Out of sight is not out of mind

We are delighted to have not one but two guest bloggers this week.  Today's article was originally published in IOSH Magazine on 28th August 2019.  It was authored by Nicole Vazquez who is Director of Worthwhile Training and Christine Morrison who is Director of CMA Training. Nicole Vasquez is also the organiser and host of the Lone Worker Safety Expo Conference, the only UK event to focus on the safety, security and wellbeing of lone workers.  You can find more details about this event here. A link to the original article can be found at the end of this post. 

This article is particularly relevant as this week we launched another of our 50th Anniversary Posters which focuses on this exact subject.  
With over 1 million people in the UK employed but not having a fixed permanent work site including sale reps and repair workers, IOM funded by the British Occupational Health Research Foundation undertook a project in 2010 to examine the effects remote and mobile working has on the health and wellbeing of those individuals. As a result, IOM created guidance to help better manage remote and mobile worker’s health and wellbeing.

Out of sight is not out of mind

Organisations that do not educate managers on the potential hazards, legal responsibilities and business benefits of effectively managing the safety and health of lone workers can leave these employees vulnerable to harm, isolation and potential violence

Every organisation has a legal and moral obligation to protect its lone workers, defined by the Health and Safety Executive as those “who work by themselves without close or direct supervision” (bit.ly/32KjGh3).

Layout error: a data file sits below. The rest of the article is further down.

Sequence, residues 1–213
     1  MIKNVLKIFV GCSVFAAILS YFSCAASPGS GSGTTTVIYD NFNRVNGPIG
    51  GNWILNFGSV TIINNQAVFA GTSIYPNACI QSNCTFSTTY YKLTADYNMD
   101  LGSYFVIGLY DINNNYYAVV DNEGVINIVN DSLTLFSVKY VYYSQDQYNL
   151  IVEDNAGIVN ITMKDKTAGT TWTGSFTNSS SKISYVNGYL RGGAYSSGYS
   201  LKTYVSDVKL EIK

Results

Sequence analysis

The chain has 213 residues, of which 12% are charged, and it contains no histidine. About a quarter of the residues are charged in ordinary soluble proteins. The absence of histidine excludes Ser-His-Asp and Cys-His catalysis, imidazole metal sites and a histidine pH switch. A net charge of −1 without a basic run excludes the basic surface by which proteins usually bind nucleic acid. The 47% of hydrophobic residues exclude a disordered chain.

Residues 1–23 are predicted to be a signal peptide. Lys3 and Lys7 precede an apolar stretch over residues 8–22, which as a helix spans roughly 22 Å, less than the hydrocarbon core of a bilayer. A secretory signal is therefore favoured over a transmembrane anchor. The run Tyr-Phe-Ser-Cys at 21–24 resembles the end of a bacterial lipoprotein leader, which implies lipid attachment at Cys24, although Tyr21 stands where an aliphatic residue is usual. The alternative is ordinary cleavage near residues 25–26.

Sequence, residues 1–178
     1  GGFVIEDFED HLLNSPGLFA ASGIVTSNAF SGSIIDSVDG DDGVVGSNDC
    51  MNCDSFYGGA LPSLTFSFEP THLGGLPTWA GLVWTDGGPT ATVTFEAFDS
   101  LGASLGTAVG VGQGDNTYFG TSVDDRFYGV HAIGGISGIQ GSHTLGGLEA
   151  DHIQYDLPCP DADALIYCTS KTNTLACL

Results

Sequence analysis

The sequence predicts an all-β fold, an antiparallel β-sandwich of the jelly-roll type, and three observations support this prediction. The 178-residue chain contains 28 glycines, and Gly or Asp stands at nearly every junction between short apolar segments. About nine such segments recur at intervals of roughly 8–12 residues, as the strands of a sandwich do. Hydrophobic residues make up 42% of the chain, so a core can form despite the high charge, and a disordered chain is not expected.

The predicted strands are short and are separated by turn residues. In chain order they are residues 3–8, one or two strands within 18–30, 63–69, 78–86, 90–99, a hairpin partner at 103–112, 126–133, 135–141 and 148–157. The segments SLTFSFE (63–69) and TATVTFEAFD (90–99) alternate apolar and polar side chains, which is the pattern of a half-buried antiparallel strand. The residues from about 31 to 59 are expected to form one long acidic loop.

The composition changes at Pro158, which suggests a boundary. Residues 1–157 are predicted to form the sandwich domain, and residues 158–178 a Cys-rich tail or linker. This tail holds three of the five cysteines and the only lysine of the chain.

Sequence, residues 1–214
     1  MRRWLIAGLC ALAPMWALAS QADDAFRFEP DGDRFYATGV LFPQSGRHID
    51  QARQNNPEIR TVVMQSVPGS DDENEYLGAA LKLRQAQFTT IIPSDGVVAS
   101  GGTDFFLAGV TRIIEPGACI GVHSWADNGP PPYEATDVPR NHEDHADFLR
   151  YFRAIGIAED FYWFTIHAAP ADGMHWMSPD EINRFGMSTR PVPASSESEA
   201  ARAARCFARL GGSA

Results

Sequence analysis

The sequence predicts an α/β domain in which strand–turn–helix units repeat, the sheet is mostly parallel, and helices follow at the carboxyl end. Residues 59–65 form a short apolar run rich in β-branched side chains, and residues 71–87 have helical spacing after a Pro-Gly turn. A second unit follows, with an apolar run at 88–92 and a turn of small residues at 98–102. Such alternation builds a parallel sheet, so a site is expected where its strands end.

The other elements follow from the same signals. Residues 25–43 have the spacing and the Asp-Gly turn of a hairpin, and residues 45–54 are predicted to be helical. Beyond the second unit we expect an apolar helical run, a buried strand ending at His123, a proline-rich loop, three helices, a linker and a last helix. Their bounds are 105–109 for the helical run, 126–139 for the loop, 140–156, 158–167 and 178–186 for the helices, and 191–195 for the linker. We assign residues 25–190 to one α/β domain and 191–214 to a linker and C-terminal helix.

Figures from the Office for National Statistics show that up to 25% of the UK workforce undertakes some form of lone working. Despite this, lone workers can be overlooked by managers, leading to a failure to protect their safety, health and wellbeing.

Some sectors are more likely than others to implement control measures to minimise the risk to lone workers. It is well known that in certain public sector organisations, for example, lone workers are more at risk from workplace violence and aggression. 

Data from the Crime Survey for England and Wales (bit.ly/2ZbmXDF) suggest there were an estimated 694,000 incidents of violence at work in 2017-18. According to the Labour Force Survey, nine out of every ten workers who were assaulted were public sector staff. 

Though the average non-fatal rate of injury due to physical acts of violence at work across all industries is 140 cases per 100,000 workers (0.1% of workers), the rate is statistically significantly higher in each of the three public service industries: public administration and defence, education, and human health and social work activities. 

Meanwhile, incidents of violence and aggression towards the emergency services, teachers, social workers, NHS workers, council enforcement and housing staff have increased significantly, according to the trade union Unison (bit.ly/2OvshAV).